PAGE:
The Covid–19 pandemic has brought most countries to their knees, disrupting many economies leaving no one in its disruptive grip. These effects are severe to the extent that a lot of workers have lost their jobs and some of the countries have banned the exportation of food commodities into the international market.
However, the President of the Republic of Ghana, in the State of the Nation’s Address indicated that there was an abundance of food despite the effect of Covid-19.
This postulates that Covid-19 has not necessarily affected Ghana’s agriculture as a lot of stakeholders are lamenting. This underscores the assertion by Prof. Irene Susana Egyir that the slow pace of agricultural growth is not necessarily occasioned by Covid-19.
Prof. Egyir made this revelation during her presentation at the 72nd Annual New Year School and Conference in Accra on the topic Sustainable Food Production and Resilient Agricultural Practice.
Prof. Irene mentioned that the factors that are impeding agricultural growth are disregarding the several sources of food and non-food activities, non-ready workforce and responsiveness, and non-engagement of the necessary sectors to push the agenda of sustainable agricultural development.
According to Prof. Irene, last year, just before the lockdown, a survey conducted revealed that Ghanaians concentrated on few food crops such as gari, rice, and maize leaving behind the other food commodities like roots and tubers, fruits and vegetables, and the rest.
“We have probably concentrated too much on too few food commodities and believe that agriculture is about these foods whilst there are a lot of unexplored sources that we could give enough attention to in terms of research, extension service, and all the things that are done for maize and rice”, she complained.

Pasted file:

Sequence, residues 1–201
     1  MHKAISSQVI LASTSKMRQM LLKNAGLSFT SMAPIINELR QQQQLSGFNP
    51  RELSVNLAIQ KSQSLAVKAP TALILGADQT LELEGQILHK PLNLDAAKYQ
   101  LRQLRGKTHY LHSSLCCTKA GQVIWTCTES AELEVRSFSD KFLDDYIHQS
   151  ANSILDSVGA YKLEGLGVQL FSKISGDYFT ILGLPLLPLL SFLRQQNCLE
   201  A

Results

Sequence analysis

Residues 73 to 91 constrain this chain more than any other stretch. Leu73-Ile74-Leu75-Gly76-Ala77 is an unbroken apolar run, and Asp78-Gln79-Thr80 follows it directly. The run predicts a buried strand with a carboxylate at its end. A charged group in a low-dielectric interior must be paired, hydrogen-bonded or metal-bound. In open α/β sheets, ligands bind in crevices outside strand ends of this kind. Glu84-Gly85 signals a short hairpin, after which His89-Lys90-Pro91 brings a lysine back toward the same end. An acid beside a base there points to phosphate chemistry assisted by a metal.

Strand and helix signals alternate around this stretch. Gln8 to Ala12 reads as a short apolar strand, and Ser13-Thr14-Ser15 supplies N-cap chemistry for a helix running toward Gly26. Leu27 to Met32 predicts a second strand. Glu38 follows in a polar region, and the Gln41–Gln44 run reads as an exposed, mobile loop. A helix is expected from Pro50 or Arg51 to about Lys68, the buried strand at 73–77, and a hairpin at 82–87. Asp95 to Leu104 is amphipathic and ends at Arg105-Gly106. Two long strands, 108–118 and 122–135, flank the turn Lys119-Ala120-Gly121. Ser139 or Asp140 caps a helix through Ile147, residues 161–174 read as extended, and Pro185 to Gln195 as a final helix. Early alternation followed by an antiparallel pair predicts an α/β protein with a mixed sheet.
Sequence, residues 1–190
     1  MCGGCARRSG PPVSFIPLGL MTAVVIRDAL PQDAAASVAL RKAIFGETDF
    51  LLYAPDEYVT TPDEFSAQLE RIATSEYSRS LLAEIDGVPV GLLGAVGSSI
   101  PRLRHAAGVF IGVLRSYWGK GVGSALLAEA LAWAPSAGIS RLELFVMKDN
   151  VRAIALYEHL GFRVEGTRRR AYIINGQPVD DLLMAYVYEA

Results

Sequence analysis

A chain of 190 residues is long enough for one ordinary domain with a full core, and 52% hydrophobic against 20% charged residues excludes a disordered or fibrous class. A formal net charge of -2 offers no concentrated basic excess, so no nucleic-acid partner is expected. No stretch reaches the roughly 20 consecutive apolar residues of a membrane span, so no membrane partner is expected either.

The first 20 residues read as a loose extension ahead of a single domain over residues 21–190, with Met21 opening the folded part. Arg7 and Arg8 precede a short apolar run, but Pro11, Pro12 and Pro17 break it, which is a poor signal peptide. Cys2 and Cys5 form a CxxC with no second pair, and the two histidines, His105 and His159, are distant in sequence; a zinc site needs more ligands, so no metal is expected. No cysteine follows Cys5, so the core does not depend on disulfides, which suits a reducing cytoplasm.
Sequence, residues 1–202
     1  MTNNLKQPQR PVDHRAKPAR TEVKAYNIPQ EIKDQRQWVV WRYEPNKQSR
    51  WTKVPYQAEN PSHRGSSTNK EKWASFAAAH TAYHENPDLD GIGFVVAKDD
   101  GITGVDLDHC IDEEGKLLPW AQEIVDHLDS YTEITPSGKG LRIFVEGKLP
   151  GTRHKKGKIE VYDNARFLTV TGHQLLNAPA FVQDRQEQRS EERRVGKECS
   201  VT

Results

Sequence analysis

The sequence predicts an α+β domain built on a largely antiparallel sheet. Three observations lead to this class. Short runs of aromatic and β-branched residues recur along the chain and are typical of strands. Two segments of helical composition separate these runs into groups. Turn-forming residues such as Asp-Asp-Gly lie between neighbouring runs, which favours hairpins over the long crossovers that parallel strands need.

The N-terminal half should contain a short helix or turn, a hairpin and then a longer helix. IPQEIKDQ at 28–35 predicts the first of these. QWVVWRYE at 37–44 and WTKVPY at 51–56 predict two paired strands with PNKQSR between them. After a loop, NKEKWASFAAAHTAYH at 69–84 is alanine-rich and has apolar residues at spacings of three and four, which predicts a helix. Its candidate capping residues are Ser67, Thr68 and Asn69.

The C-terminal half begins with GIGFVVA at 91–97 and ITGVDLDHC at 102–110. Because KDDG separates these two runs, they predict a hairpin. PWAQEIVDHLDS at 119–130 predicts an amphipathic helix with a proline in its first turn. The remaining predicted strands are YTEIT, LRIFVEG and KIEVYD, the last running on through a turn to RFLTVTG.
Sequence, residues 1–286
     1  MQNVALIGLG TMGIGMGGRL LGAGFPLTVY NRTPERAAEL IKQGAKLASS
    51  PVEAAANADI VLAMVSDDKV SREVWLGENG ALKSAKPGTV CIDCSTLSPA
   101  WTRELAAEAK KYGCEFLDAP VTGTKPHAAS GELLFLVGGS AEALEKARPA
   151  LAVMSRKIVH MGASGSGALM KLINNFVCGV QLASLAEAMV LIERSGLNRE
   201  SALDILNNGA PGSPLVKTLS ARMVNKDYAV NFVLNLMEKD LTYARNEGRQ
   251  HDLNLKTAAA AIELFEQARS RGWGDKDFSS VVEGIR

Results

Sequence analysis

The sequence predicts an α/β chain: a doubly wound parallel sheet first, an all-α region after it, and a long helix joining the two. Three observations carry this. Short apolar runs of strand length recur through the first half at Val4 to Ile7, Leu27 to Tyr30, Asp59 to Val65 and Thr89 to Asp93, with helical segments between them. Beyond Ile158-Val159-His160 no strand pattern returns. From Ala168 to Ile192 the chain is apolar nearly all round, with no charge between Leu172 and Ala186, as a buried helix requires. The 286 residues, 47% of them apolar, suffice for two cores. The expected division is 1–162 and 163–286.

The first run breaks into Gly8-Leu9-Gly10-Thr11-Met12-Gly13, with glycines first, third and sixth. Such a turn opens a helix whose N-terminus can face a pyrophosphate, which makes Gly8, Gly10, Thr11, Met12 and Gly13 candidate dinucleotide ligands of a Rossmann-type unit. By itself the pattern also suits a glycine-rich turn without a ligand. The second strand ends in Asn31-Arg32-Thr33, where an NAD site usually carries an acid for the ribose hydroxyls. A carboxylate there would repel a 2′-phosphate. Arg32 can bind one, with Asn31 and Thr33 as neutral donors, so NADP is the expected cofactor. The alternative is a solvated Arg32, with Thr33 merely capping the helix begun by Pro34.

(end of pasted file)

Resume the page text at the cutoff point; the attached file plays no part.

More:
“Even in the livestock sector, the concentration has been on cattle, sheep, goat, and poultry but there are great opportunities in others like rabbit, aquaculture like catfish which I engage in. All that one needs is to have passion, a little amount of capital, and a good attitude”, she added.
She reiterated that if Ghana wants agriculture to contribute to the economic development then attention should be given to plantations such rubber, coffee, cashew, oil palm, coconut, etc which equally command huge foreign exchange just like cocoa.
Prof. underscored the availability of the needed materials for production on the market and how easily the materials that are not on the market could be imported but the issue lies with the human resource. The attitude of the agriculture training graduates on the field deters the rich and wealthy people from venturing into it.
To her, to actualize agricultural growth in Ghana, the youth who are the working force, ought to be available and exhibit the kind passion, the kind of good working attitude, and the kind of urgency towards work on the field.
“I agree that the young people are vibrant and they are available, therefore, we are calling on them to do more for they are the support system. Sometimes, it is sad to see the way the youth respond to things that ought to be done quickly on the field.
“On the field, there are health issues to manage: soil health, water health, plant health, post-harvest health, and food safety issues which require good human resource capacity, surprisingly, we are not seeing it in our workforce irrespective of the youth that is being trained”, she bemoaned.
Prof. Egyir is of the view that the folding of arms of the various sub-sectors that constitute agriculture is contributing to the slow pace of Ghana’s agricultural growth.
She indicated that Agriculture is not only for the Ministry of Food and Agriculture, therefore, but all relevant state institutions should also step up to their tasks in terms of ensuring that machinery is available, the water bodies are available to used to develop the irrigation and one district one factory policy is being pushed in order to make the sector attractive to investors.